Why should employers support breast-feeding? Studies show that employers with policies that support breast-feeding report less absenteeism and lower employer health-care costs. This is because breast-feeding reduces the risk of illness and disease for both infant and mother.
Among infants, breast-feeding lowers the risk of ear infection, allergies, respiratory and gastrointestinal illnesses, and a host of other illnesses and diseases. A 1995 study revealed breast-feeding employees miss work less often than mothers who do not breast-feed. Breast- feeding women also have a lower risk of type 2 diabetes, heart disease and stroke. That means, over time, breast-feeding support can positively affect the bottom line of employers’ health care costs.
The Health Care Reform Act requires employers with more than 50 employees to make reasonable accommodation to support employees who wish to breastfeed after the birth of a child. In Washington state, more than 90 percent of new moms begin breast-feeding their babies. When these women go back to work, many will become breast-feeding employees.
By making small changes to their workplaces, businesses can increase productivity, lower employee turnover, and increase morale of breast-feeding mothers. Employees are valuable assets, and their dedication and well-being are important to the profitability of any business.
A 2001 Mutual of Omaha study looked at the effect breast-feeding support had on employee turnover. The study found that when employers provided breast-feeding support after the birth of a child, 85 percent of breast-feeding employees returned to the workplace. When no support was provided, only 59 percent of breast-feeding employees returned to the workplace.
Also, it’s this simple: Supporting breast-feeding employees results in higher employee morale and improves a company’s overall image. This can result in a positive boost to company recruitment efforts.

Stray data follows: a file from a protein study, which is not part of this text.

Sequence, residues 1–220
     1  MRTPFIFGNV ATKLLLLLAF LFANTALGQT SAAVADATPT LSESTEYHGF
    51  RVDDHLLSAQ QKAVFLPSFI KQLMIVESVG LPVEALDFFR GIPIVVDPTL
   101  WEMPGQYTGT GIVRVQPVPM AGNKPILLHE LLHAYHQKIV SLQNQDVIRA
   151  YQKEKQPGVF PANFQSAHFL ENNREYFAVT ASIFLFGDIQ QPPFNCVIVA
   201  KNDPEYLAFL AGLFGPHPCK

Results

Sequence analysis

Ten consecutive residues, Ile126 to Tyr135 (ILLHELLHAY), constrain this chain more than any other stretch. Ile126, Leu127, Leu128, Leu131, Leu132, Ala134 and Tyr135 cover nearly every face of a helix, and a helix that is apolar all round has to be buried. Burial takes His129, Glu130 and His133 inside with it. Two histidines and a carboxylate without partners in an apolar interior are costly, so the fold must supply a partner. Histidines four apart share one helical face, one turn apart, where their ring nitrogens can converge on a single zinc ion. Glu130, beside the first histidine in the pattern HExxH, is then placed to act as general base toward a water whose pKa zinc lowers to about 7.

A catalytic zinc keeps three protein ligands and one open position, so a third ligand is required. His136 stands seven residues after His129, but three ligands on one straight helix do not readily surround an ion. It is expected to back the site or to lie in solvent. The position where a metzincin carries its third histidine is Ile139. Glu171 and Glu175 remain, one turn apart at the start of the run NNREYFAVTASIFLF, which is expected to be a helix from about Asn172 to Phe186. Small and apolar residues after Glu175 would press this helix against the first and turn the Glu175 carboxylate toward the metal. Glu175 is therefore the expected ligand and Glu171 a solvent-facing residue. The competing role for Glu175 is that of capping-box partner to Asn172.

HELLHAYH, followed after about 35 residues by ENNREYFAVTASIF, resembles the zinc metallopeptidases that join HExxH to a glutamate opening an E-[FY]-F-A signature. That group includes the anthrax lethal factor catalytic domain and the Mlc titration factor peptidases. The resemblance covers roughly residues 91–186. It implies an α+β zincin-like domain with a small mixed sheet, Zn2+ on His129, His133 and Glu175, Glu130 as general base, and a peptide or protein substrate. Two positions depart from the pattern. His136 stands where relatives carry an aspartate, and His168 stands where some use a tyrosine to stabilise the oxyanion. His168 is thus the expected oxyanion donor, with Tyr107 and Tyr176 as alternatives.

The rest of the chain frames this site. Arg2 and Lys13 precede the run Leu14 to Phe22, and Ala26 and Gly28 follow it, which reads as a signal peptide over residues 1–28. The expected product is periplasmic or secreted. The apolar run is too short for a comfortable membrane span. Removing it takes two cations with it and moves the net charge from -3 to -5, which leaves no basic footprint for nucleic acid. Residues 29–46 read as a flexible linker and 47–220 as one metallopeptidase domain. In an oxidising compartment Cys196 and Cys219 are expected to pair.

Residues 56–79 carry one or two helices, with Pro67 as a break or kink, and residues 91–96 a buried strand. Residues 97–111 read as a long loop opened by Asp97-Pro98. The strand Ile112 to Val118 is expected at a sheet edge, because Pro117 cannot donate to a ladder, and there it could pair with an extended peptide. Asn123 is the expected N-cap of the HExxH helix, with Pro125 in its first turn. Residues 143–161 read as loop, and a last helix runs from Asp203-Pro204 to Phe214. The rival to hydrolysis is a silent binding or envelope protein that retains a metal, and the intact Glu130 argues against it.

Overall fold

It takes little time and investment to create a supportive breast-feeding workplace. In fact, employers report cost saving when implementing even modest breast-feeding support programs. All that is needed is:
A private space (that is not a bathroom) where the mother can express milk;
Allowing employees’ time to pump during scheduled breaks and lunches;
A more comprehensive breast-feeding program may include having a written breast-feeding policy, a dedicated lactation room, and flexible work hours.
If you are an employer who is interested in learning more about resources available in Thurston County, contact Kateri Wimsett at 360-867-2516 or email@example.com
I also invite you to join the Washington Breast-feeding-Friendly Employer Project. The purpose of this project is to help employers provide supportive workplace policies and formally recognize employers that do. The information found at the BCW website (www.breastfeedingwa.org) can help you achieve the Breast-feeding Friendly Employer Designation.
Breast-feeding benefits babies, employers, moms, and business – a win-win for all.
Diana T. Yu is the health officer for Thurston and Mason counties. She can be reached at 360-867-2501 or firstname.lastname@example.org.